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-   -   Oval chain ring (https://www.bikeforums.net/showthread.php?t=1179488)

pippin65 07-27-19 08:14 AM

Oval chain ring
 
Was wondering what you folks think of an oval chainring? Hype or help? I live in Florida but think that the big ring may help. Anyone have any experience? Thanks

terrymorse 07-27-19 08:27 AM

Gimmick that comes and goes about every 20 years.

delbiker1 07-27-19 08:37 AM

I have not ridden with oval rings since I had a bike with biopace rings many years ago. Hopefully someone with recent experience/knowledge with oval rings will chime in. I know I had no problem with them, but I had nothing to compare them to at the time. There are people that swear by them, supposedly help the pedal stroke efficiency. If I remember correctly, some riders say it eases knee pain.

2cam16 07-27-19 08:44 AM

I have a few bikes with Biopace, specially on one of my main road bikes, and I can't tell a difference from round. They all feel the same to me, climbing,sprinting,etc.

Barrettscv 07-27-19 09:00 AM

I have the Absolute Black 46 & 30 chainings on my Ridley Helium which is my climbing bike. Installing the chainring set gives me a deep range for 15-20% climbs that are common enough in southern Wisconsin. The oval shape may have some benefits, I do like the feel of the oval shape and I'm getting improvements on my steeper Strava segments. However, the primary benefit is the gearing. I like to keep my cadence above 65 rpms while climbing and these smaller chainrings along with an 11-32 eleven speed cassette keeps my legs fresh on longer days.

The Absolute Black chainrings install with an altered chain-line compared to the standard Ultegra 50 & 34 chainrings on the 6850 crankset. This can work on a rim brake bike, but I would not ever install these on my disc brake bike with 142mm dropouts. The chainline on the disc brake bike would be extreme while on the small chainring and several of the smaller cogs.

Even on the rim brake bike, the reduced chain-line is problematic. The front derailleur limit adjustment just barely aligned on the inner chainring. The chainrings don't shift as well, I have a SRAM eTap drivetrain which was always perfect with the SRAM crankset but is intermittently temperamental on the oval chainrings. Finally, the chainrings are noisy with a dry lubricant, but a heavy wet lubricant eliminated most noise.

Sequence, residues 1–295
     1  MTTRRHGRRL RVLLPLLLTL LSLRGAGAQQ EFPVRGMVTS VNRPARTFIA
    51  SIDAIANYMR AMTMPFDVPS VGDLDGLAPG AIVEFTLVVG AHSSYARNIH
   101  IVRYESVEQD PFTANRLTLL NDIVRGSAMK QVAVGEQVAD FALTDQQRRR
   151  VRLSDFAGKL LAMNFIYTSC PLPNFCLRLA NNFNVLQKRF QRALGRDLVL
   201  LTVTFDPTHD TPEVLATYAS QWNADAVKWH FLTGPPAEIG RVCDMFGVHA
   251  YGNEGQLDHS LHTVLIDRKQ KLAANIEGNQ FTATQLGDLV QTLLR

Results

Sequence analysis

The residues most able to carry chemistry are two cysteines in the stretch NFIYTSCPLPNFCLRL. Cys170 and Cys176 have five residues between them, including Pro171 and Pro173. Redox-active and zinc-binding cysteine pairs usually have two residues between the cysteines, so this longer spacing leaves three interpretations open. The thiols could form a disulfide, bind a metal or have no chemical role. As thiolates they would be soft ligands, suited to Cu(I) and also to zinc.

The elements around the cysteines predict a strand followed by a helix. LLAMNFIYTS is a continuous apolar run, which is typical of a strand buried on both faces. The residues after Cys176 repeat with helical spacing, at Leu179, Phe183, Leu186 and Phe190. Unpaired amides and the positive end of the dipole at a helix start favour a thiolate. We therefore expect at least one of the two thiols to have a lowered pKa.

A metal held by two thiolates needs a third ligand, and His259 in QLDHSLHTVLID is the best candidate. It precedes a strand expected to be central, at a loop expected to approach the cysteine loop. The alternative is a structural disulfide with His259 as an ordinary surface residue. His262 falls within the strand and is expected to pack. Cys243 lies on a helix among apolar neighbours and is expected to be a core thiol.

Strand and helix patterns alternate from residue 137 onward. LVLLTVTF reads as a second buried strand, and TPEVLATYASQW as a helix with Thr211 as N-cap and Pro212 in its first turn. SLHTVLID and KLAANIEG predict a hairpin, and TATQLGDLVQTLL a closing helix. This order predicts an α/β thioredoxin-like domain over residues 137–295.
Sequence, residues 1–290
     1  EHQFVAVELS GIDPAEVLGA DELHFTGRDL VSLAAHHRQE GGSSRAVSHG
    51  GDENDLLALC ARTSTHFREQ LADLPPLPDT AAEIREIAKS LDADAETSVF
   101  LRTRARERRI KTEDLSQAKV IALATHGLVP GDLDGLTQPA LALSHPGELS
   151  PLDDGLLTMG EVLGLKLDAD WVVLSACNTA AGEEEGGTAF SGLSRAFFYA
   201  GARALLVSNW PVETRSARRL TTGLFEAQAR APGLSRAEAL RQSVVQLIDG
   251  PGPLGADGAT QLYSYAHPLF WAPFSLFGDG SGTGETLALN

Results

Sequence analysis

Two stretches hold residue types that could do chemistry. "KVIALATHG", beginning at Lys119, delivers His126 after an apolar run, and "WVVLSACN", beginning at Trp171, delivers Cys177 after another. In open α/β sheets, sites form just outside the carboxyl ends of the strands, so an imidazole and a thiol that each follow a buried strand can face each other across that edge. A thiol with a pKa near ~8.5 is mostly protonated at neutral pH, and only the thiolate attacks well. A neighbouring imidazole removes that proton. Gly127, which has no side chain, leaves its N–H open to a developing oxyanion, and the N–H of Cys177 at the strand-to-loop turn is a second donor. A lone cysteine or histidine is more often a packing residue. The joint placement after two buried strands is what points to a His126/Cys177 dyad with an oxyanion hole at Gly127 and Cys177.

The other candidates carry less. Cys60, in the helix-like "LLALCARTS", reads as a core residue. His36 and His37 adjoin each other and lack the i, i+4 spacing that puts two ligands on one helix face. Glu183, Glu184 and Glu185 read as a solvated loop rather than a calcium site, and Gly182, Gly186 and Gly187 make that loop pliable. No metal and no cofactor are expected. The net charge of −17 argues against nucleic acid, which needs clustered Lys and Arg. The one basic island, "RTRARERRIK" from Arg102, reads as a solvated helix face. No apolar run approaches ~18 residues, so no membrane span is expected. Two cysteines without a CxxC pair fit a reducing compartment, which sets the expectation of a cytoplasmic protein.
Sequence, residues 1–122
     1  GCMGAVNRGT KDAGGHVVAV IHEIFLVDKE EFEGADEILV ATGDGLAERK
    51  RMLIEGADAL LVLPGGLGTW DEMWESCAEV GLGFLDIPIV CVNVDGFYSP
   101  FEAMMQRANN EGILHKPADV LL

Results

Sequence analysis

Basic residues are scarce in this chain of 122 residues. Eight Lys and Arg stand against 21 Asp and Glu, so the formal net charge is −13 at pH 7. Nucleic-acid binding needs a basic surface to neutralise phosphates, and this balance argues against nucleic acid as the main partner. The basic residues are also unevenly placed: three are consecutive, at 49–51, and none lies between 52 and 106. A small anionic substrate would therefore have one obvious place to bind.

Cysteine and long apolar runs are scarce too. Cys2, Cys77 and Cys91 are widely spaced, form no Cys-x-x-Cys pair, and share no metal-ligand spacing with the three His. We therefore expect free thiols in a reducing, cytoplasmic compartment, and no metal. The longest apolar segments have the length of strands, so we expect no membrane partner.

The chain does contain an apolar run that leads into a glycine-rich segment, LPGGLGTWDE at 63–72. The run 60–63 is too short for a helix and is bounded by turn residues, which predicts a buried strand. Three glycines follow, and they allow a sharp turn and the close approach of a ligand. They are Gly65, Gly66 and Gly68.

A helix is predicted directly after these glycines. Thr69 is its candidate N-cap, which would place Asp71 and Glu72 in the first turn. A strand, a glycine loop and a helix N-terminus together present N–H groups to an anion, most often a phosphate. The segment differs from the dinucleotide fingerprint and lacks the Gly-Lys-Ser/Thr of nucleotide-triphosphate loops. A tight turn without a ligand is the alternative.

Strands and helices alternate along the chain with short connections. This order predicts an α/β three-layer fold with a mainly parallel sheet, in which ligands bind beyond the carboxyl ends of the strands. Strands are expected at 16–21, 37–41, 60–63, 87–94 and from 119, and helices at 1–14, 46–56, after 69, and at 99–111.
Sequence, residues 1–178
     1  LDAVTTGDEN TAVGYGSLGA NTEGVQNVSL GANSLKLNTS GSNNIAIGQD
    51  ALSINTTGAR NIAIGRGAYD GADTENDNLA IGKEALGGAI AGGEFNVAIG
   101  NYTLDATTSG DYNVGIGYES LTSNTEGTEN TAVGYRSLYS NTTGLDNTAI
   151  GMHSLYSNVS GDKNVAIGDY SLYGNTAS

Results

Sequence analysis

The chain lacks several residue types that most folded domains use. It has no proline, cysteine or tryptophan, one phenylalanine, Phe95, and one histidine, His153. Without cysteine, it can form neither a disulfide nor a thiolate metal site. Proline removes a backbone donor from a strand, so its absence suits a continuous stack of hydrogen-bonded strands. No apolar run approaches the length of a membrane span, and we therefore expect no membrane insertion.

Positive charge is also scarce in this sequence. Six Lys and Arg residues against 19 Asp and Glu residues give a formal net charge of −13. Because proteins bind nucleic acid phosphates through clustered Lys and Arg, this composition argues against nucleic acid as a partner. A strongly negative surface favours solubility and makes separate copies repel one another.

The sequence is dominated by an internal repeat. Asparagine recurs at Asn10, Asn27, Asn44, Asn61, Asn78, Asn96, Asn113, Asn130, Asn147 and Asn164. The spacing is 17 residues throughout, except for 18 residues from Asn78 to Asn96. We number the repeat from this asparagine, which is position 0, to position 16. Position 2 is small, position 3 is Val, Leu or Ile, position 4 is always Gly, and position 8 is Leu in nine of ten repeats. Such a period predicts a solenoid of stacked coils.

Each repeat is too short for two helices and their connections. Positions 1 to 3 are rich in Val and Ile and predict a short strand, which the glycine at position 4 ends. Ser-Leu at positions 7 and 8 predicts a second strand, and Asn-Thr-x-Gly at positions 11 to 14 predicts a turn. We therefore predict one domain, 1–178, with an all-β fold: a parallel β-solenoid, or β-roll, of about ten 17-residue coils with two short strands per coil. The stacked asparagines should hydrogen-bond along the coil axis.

BTW: Most current oval rings are are significantly different from Shimano Biopace design. I've ridden both, they are not in anyway comparable.


Originally Posted by pippin65 (Post 21047122)
Was wondering what you folks think of an oval chainring? Hype or help? I live in Florida but think that the big ring may help. Anyone have any experience? Thanks

Personally, I don't recommend the Absolute Black chainrings unless the user wants to change the gearing to help on steeper climbs if the bike has rim brakes. The benefits on flat roads at a higher cadence are minimal. The installation and shifting problems are significant.
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Garfield Cat 07-27-19 10:30 AM

Try this Rotor site. It shows the various teams that use Rotor, in on way or another.

https://rotorbike.com/athletes/

BobbyG 07-27-19 02:44 PM


Originally Posted by terrymorse (Post 21047136)
Gimmick that comes and goes about every 20 years.

It's a 20-year elipitcal cycle.

My 1984 Nishiki International came with them. I replaced the smaller front ring with an even smaller round ring. I shift between the two and don't notice any difference, nor am I aware of anything different from my other two round-ring bikes. But that's not to say the oval rings make no difference, it's just that I don;t notice one.

TimothyH 07-27-19 05:44 PM

Love, love, love Absolute Black oval rings. They feel fantastic to pedal.

Unfortunately I could not get the 46/30 ovals to shift well with an 11-42 MTB cassette on a road bike. This setup is completely out of bounds, way beyond what any manufacturer supports and the ovals were just a bit too much. I went to round rings and they shift better but I'm saving the ovals for another project because they feel so great to pedal.


-Tim-

canklecat 07-27-19 09:15 PM

Some dude named Chris Froome uses asymetric chainrings. Seems to work for him when he's not crashing.

I have an old Biopace road double on my Trek 5900, the standard 130 bcd 52/42 set. I like the small ring effect on climbs. Seems to mesh with my less-than-smooth cadence. I tend to pedal squares when climbing. But I'd prefer a 38 or 39T small ring. I'd have to go to a 110 bcd crankset to get a ring smaller than 40 or so.